Thanks to Richard for organising pyweek again! If you have some spare time coming up, and want to finish a game then you should enter pyweek. If you don't have much time, find a team and join that.

Let's hope the server stays up mostly :) These competitions all ways result in a server going down. Lots of users, and wide spread attention amongst smart, young and demanding hacker types means it gets challenges lots of other websites do not get. Strain on the software, and on the hardware are two of the causes. Otherwise it is caused by a simple cracking in to the machine to take it down.

Thursday, August 24, 2006

Qwerty rhymes. With Flirty.

not a bit of good food
for got home gut
jill had her kill


Oh, how I love bad poetry. I just had to share. You need to type it to appreciate how bad it is.

Saturday, August 12, 2006

Django security.

I replied to a blog post by Jason Huggins on his blog asking for a web frame work evaluation check list. I listed a number of common security issues, and finished my post with:

"I can not see any python web frameworks that do not have a history of security problems. I also can not see one which was designed from the beginning with security in mind."

Then James Bennett (a Django contributor) asked about problems with Django specifically. Saying 'if there’s some long bounding history of security flaws in Django, I sure haven’t seen it'.

http://www.jrandolph.com/blog/?p=45

Unfortunately my reply seems to be caught up in the moderators queue, so I guess I'll have to put my answer below. A couple of posts after mine are there, so I am not sure why my post was not approved to be posted.

ps. since my post on the 11th of August I have reported four security issues to the django project. Not one has even been replied to. Not even with a simple response like 'I got your email, we are looking at it'. It's great having a policy, but if you don't follow it then what's the point?
UPDATE: Adrian has been notified, and is looking into it. There was a problem with the email alias.

Have fun!





# Rene Dudfield Says: Your comment is awaiting moderation.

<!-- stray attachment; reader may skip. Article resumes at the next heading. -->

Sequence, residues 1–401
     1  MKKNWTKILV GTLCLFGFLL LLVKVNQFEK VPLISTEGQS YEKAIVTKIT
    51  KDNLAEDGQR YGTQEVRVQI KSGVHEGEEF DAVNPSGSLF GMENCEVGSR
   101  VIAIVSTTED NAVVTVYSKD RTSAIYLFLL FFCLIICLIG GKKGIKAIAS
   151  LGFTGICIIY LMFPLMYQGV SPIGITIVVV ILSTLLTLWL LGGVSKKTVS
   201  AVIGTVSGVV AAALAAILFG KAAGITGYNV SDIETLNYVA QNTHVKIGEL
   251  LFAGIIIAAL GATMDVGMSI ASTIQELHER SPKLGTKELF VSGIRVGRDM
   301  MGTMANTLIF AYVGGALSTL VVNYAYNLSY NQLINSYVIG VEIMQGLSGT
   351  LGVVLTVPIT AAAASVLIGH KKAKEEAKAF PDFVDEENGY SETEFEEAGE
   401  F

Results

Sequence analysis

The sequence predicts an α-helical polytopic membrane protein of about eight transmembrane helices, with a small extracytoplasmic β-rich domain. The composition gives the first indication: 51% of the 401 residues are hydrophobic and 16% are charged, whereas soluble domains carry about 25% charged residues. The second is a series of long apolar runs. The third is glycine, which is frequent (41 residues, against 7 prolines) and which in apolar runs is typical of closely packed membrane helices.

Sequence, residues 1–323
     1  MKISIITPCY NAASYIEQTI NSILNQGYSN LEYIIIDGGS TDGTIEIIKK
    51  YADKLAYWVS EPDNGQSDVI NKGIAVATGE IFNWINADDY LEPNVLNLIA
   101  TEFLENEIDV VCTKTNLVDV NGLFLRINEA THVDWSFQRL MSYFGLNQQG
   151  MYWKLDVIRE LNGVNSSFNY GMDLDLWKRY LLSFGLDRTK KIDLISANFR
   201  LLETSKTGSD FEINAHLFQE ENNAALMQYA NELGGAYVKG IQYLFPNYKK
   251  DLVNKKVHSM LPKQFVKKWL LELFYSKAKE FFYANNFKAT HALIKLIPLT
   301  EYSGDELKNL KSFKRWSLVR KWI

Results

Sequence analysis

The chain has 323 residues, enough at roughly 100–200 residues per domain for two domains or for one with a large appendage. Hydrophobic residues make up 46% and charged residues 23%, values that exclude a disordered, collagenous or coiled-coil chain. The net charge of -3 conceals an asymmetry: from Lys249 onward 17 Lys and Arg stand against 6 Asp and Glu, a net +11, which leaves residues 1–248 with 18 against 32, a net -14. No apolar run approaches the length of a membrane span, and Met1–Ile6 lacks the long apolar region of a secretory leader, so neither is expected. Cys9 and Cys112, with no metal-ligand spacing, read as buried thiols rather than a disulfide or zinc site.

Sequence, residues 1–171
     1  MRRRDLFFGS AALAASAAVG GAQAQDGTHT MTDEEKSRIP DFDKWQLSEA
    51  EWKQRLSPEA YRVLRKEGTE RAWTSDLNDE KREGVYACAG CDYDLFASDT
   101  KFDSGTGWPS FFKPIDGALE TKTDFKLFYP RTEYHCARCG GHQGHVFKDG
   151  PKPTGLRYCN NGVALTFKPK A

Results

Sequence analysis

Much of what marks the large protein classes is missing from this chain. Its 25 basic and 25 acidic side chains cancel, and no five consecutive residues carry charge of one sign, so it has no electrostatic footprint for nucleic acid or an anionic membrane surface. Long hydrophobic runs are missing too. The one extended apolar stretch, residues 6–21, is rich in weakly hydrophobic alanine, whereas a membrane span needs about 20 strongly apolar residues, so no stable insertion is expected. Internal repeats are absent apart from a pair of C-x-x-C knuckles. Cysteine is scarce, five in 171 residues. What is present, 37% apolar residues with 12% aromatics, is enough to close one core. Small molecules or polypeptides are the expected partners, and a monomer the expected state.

August 11th, 2006 at 3:37 am

James. You’ve answered your question about the Django security history for me. I can not see a list of security incidents listed on the Django site. I think a good idea would be to list them on the front page in fairly large type. However those ones you mentioned are only a few months old, so I reckon there’s more problems.

For XSS you need to start with white listing, and go from there. There’s a bunch of good articles on the subject. Just escaping stuff is not enough.
http://www.iamcal.com/publish/articles/php/processing_html_part_2/

http://cr.yp.to/ is a good source of information about writing secure unix network software.

If you assume that user submitted content can not be cleaned, then is the system still secure? Feedparser, with 3000 unittests and heaps of high traffic sites still got it wrong.

Not only is Django itself not secure, but the pieces it is built on are not secure. Just search for apache, mod_python, and python security issues.

If you are sure about the current state of Django then maybe put up an offer for $1000 if no holes are found ;) I’ll give you $1000 if Django makes it through the next year without a hole found.

Jason. I’m not sure of a web framework which has security considered in the design from the start. It’s really good that the ruby developers have started to put an emphasis on it. I’m going to take this oportunity to evaluate my own security short comings, and I’m glad that others are too.

Saturday, August 05, 2006

Pyweek 3, one week game jam in september.

The third pyweek competition is starting in September.

You can have group entries, or go solo. It is a competition of sorts, but it is all just for fun really. You have a week to work on your game. Most people work on it in their spare time. Other people take a week off to do it.

http://www.pyweek.org/3/